Tennessee State Seal
July 12 - A Big Day for an Infamous Tennessean
(Published: July 12, 2013)

Here’s a quick trivia question: Can you name five Tennesseans who became president?

If you’re a good student of the state’s history, you probably won’t have any trouble naming former U.S. presidents Andrew Jackson, Andrew Johnson or James K. Polk. But a fourth or fifth?

It’s a trick question, because there were also Tennesseans who later became presidents of foreign countries, such as Sam Houston, who led the briefly-independent Republic of Texas, and William Walker, who was inaugurated as president of Nicaragua on this date in 1856.

Walker’s life is highlighted in one of the Tennessee State Library and Archives’ online exhibits. The exhibit can be found at http://tn.gov/tsla/exhibits/walker/index.htm.

Walker isn’t as famous as some Tennesseans chronicled at the State Library and Archives, but in his day, he was quite infamous for his efforts to colonize Central America.

Three years before he became president of Nicaragua, the Nashvillian led a group of 45 men who landed in Baja California, Mexico. Walker declared the land to be the Republic of Lower California and proclaimed himself to be the new country’s president. Mexican forces soon threw him and his troops out of the country and he was tried (but acquitted) for violating U.S. neutrality laws when he returned.

Walker then led a group of 57 soldiers into Nicaragua. After fighting a number of battles and eventually becoming president, he launched a plan to "Americanize" the country by declaring English the official language and encouraging U.S. residents to immigrate there. He was later ousted by the combined forces of El Salvador, Guatemala and Honduras. After unsuccessfully attempting to regain the presidency of Nicaragua, he was eventually captured and turned over to the Honduran government, which executed him for piracy.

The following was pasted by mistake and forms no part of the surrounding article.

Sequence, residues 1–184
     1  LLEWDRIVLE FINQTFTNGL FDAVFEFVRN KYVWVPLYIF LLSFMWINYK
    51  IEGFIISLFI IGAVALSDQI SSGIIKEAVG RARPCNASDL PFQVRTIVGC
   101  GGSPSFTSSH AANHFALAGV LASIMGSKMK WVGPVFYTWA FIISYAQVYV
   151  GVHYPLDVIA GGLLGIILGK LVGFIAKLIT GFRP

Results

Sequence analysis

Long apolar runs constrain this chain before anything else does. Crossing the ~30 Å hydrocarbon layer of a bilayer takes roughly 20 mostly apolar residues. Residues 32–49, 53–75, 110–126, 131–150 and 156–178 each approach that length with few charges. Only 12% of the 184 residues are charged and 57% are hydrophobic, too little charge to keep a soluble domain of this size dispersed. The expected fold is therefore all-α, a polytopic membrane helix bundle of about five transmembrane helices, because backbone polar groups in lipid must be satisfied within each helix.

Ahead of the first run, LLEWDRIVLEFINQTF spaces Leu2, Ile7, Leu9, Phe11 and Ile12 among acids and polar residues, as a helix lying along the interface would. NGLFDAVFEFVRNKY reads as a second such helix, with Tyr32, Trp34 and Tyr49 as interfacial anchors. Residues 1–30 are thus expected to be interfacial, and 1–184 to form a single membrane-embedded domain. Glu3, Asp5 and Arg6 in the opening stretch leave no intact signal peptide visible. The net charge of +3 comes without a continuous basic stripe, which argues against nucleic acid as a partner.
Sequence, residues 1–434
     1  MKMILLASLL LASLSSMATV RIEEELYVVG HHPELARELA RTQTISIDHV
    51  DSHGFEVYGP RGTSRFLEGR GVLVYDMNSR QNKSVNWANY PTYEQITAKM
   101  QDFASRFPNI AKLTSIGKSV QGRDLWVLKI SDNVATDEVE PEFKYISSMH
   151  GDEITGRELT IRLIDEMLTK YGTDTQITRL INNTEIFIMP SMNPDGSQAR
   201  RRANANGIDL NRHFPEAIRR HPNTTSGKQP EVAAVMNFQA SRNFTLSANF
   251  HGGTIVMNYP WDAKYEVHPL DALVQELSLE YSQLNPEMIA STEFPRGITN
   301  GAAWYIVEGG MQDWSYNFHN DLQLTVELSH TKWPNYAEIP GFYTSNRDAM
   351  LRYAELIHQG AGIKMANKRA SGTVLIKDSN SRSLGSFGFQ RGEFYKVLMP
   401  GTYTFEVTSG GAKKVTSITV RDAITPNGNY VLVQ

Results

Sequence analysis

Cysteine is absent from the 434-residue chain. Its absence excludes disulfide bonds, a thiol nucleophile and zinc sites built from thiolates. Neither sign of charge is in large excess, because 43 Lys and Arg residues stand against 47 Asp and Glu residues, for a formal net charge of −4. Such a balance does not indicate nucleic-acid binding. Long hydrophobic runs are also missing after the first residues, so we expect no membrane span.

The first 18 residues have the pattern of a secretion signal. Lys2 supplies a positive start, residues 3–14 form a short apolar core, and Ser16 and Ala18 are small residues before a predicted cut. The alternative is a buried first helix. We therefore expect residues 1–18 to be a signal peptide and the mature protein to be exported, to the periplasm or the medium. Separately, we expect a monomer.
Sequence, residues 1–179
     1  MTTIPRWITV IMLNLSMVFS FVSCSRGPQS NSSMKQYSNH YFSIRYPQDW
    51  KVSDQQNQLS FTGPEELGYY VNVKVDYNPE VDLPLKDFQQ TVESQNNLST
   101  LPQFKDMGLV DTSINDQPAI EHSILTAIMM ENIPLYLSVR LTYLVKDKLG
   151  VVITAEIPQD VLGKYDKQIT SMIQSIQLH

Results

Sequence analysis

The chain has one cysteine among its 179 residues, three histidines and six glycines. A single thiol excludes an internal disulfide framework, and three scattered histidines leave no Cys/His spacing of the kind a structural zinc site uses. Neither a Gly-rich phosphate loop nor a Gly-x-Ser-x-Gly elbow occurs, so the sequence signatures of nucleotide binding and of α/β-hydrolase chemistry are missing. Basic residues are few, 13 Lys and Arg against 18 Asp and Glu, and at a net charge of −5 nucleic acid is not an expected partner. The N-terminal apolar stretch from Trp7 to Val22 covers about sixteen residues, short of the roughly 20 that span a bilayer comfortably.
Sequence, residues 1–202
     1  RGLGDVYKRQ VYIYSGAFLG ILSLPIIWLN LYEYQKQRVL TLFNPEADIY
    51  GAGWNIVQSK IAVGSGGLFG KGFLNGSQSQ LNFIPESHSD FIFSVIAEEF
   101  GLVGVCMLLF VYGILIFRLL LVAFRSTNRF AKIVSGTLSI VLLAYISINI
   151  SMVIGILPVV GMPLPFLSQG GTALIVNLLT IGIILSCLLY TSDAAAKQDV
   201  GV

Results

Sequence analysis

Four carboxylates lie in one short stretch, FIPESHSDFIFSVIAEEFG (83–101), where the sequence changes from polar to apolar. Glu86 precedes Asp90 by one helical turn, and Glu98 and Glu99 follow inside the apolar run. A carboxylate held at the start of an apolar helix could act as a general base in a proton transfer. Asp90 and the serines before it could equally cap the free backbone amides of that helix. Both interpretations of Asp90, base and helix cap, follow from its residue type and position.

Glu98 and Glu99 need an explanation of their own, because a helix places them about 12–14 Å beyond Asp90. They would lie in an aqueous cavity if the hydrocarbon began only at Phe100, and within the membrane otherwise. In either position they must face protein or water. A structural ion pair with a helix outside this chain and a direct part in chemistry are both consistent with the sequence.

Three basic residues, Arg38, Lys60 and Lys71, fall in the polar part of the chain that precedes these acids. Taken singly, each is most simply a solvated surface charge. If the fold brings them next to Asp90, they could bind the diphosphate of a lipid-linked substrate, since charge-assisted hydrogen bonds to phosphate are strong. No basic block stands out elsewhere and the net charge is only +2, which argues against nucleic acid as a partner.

"The story of William Walker is one of thousands that can be found at the Tennessee State Library and Archives," Secretary of State Tre Hargett said. "Because his life is chronicled in one of our online exhibits, it is accessible to Tennesseans free of charge, 24 hours a day and seven days a week. I encourage people to visit our web site and learn more about the resources that are just a few mouse clicks away."